In this elegy, the speaker takes us on surreal journey through his father's seemingly awesome life. As we discuss over in "Form and Meter," the singsong rhythm of a lot of the poem gives us the feeling of marching forward with the speaker's father as he boldly deals with all the craziness of life like a champ. Cummings pulls out all the stops here, opening his poetic toolkit to sometimes smooth the ride and sometimes jolt us just when he wants us to wake up and see the scenery.
Our ears perk up right from the start of this poem. The very first line is a great example of assonance (repeated vowel sounds within words). Read them out loud and see if you can hear it: "my father moved through dooms of love" (1-2). You heard it, right? We've got the "ooh" sound in "moved," "through," and "dooms." The speaker uses this "my father moved through" thing throughout the poem. The repetition of this assonance-laden phrase helps move us smoothly through the poem, giving the whole thing a sense of momentum and helping to bind the pieces together sonically (while also making us think of cows—moooooo).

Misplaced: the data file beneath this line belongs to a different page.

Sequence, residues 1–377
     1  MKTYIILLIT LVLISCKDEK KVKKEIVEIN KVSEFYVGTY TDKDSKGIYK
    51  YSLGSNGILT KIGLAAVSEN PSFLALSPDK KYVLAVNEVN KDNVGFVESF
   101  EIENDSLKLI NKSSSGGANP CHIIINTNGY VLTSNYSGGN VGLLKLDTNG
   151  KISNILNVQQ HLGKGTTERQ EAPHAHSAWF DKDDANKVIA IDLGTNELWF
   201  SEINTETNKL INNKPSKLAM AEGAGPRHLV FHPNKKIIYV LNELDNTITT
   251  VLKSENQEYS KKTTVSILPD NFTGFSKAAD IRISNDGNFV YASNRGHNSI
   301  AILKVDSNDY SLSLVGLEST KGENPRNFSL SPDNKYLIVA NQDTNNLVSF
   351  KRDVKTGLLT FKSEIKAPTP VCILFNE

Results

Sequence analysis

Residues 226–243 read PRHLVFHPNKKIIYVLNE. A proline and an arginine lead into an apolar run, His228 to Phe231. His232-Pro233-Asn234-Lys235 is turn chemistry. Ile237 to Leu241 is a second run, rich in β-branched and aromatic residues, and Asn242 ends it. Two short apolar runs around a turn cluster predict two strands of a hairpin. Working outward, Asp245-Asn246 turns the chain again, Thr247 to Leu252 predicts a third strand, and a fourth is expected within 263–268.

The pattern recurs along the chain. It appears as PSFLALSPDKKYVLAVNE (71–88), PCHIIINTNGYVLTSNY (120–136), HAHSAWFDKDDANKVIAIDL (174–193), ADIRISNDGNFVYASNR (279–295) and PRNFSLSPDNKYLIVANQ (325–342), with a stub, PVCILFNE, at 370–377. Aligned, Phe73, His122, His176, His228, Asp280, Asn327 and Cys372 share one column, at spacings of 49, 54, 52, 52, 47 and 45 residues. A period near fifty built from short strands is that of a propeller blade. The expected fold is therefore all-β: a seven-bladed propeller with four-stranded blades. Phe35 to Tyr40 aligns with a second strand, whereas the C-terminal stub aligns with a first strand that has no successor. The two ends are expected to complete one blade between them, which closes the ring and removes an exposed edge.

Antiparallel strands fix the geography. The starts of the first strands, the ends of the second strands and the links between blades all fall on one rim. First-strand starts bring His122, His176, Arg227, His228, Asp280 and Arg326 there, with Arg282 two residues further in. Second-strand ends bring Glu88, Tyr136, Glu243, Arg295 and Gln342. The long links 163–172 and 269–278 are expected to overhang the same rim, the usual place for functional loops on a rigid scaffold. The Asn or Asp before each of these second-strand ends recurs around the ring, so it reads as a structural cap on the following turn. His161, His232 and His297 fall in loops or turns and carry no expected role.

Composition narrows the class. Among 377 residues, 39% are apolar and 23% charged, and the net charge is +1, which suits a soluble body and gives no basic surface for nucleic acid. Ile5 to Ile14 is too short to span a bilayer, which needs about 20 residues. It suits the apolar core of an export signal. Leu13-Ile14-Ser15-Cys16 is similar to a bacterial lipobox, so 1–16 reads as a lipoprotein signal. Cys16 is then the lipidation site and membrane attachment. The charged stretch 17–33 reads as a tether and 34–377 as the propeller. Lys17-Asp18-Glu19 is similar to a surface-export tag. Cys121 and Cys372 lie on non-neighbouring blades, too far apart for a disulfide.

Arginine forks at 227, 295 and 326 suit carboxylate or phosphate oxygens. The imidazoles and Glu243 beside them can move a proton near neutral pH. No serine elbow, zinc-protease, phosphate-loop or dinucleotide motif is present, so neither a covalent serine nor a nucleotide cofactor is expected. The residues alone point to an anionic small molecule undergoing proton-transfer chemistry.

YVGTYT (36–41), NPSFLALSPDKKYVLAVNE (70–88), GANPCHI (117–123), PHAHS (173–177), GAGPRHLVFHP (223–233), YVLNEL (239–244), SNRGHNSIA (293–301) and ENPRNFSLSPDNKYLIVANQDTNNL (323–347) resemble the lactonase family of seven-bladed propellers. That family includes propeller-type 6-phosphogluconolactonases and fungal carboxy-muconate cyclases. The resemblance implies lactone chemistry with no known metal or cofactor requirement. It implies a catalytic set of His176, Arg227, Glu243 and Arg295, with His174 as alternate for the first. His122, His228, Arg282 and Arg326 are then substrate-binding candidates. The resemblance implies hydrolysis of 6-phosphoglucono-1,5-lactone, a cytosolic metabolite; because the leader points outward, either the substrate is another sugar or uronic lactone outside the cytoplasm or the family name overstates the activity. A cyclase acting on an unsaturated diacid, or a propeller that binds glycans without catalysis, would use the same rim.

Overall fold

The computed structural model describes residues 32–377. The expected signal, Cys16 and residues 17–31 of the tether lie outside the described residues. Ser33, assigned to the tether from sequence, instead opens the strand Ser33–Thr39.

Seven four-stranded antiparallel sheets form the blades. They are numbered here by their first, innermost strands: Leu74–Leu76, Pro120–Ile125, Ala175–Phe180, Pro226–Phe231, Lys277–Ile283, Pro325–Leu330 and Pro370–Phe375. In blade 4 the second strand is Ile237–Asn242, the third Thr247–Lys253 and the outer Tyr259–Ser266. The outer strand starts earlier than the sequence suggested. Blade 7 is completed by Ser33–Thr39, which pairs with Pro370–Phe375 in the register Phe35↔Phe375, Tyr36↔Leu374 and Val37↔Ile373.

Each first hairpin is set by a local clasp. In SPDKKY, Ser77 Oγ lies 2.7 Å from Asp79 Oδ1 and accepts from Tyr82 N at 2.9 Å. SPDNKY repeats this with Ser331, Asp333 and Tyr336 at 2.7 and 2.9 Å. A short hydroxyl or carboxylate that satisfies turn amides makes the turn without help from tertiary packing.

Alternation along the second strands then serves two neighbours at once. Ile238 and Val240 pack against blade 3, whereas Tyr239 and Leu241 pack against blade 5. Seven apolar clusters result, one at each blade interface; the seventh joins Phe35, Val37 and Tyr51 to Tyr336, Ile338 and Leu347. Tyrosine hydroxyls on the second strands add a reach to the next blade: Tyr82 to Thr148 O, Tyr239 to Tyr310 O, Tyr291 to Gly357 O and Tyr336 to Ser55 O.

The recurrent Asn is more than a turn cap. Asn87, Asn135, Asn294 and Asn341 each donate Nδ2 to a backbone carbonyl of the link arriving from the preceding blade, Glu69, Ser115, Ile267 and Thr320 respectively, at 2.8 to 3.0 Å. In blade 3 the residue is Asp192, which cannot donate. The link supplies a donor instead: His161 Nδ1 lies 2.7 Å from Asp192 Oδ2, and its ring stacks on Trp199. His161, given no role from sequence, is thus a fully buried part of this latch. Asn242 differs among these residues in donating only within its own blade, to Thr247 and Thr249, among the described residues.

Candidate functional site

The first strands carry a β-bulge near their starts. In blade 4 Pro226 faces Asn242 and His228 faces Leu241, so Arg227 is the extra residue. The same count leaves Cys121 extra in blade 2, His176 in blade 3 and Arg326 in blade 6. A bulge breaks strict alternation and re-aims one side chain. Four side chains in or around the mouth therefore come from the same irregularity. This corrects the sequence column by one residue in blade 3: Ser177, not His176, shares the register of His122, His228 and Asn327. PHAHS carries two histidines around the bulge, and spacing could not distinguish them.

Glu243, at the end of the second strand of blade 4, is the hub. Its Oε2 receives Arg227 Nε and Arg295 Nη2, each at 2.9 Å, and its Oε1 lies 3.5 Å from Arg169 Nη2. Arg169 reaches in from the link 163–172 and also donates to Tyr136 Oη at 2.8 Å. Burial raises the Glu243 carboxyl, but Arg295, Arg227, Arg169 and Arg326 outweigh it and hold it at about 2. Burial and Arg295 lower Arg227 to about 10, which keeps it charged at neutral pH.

The poem is also chock full of alliteration (repeated consonant sounds at the beginning of words). One good example is "drove sleeping selves to swarm their fates" (11). You probably didn't even have to say that one out loud to hear the repeated S sounds in "sleeping," "selves," and "swarm." In a bit of consonance, notice how the line also ends with an S sound with "fates." (This Cummings guy sure is sneaky.) Another great example of alliteration is "maggoty minus and dumb death" (63). Notice how the repeated consonant sound hammers home the dark and graphic imagery of the lines.
These techniques pop up throughout the poem, if you turn an attentive ear. In each case, the sounds of the poem bind the ideas together and add a punch to the content that catches our attention. Hear what we're saying? (Yeah… sorry about that one.)